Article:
Starting a successful small business is no easy task. With so many small businesses opening every month and a large percentage of them closing before their second year in business, it is sometimes best to seek the advice of a business consultant before the start of your business.
With that said, it is still a great time to open a woman-owned business. The amount of research you do before you start your business will determine how many small business pitfalls you avoid.
The following 5 common women-owned small business pitfalls are presented along with their solutions:
Problem: Marketing is often confused with advertising. Your market is who you are trying to target with your advertising; direct mail, commercials, signs, etc. Many do not realize that if you don’t find your niche and your target market is too broad, you will waste your advertising budget.
Solution: Focus and narrow your target market to a niche you will be comfortable with and then advertise directly to them.
2. Time Management.
Problem: Many women who become self-employed do not realize that until they hire staff, they will have to wear many hats—Assistant, Messenger, Executive, etc. Along with family responsibilities, these additional roles can be very demanding.
Solution: Outsource time-consuming tasks to other individuals-that way you can focus on growing your business while someone else works on the time- consuming tasks. This will also provide an opportunity for you to still have enough time to balance family life and work.
Problem: Quoting fees too low for fear of losing a potential client or not calling for payment when a client’s invoice is overdue.
Solution: Talk to other women in your field and also find out what competitors in your area are charging. If you feel uncomfortable contacting a competitor, ask someone else do it. The same goes for collections. No small business owner can go without collecting their fees, so if you fear making the calls have someone make them for you or send letters gently requesting payment.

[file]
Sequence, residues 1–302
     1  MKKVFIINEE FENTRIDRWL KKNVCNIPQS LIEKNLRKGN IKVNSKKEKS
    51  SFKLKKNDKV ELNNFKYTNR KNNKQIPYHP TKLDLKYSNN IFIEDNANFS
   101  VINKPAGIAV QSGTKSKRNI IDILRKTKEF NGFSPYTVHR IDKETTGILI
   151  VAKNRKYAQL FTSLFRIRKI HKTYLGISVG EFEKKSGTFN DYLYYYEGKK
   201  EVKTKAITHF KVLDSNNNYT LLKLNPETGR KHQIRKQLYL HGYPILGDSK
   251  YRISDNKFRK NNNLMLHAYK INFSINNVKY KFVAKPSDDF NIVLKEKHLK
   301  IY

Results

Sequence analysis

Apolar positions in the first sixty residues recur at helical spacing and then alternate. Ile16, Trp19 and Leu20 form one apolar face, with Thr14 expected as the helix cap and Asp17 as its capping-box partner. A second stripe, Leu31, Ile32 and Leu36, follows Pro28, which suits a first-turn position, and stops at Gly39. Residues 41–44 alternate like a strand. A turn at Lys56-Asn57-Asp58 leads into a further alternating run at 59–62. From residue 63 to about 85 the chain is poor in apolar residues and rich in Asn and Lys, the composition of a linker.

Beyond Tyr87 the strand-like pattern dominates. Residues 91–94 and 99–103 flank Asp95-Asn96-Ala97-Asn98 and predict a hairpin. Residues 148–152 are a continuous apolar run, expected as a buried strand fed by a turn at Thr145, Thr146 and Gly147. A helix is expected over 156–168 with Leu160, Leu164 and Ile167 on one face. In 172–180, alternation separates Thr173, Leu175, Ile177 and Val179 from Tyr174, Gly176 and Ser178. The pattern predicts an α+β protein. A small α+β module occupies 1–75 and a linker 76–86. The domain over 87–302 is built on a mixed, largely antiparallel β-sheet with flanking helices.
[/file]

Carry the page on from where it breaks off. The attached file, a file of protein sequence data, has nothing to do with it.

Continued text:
Problem: Not Networking, Not Networking Efficiently.
Solution: Every small business owner needs to network…and broadly. Each person you meet is a possible referral or potential client. Join the business organization for your field and a women’s organization. Stay focused while you are at the networking event and be determined to achieve pre-determined goals, which were your reason for attending the event. For example: As a florist, not only do you have to network at floral design trade shows but make it a point to attend a wedding or event planning expo as well as your local chamber of commerce and women in business organization.
Problem: The inability to turn down potential clients who require services that you do not offer because you are afraid to say no since you need the money.
Solution: As a self-employed individual, you have the ability to choose your work assignments but taking any assignment that comes around does not give you the opportunity to focus on what you like to do. Stick to projects that incorporate the services you offer. Let the other assignments go. This will allow you the time to work on fulfilling projects.
Recommended Books on Women Small Business Owners:
- Birthing the Elephant: The Woman’s Go-For-It! Guide to Overcoming the Big Challenges of Launching a Business
- There’s a Business in Every Woman: A 7-Step Guide to Discovering, Starting, and Building the Business of Your Dreams
- Sun Tzu for Women: The Art of War for Winning in Business
- How Women Lead: The 8 Essential Strategies Successful Women Know
- Millionaire Women Next Door: The Many Journeys of Successful American Businesswomen
- The Unstoppable Business Woman: A no-nonsense approach to accelerating your business and creating extraordinary results
About the Author:
- Market Segments of the Event and Meeting Planning Business
- How to Start an Event and Meeting Planning Business
- Marketing an Event and Meeting Planning Business
- Networking: Focus on Building Connections, Not Closing Sales
- Social Networking: 5 Biggest Mistakes Entrepreneurs Make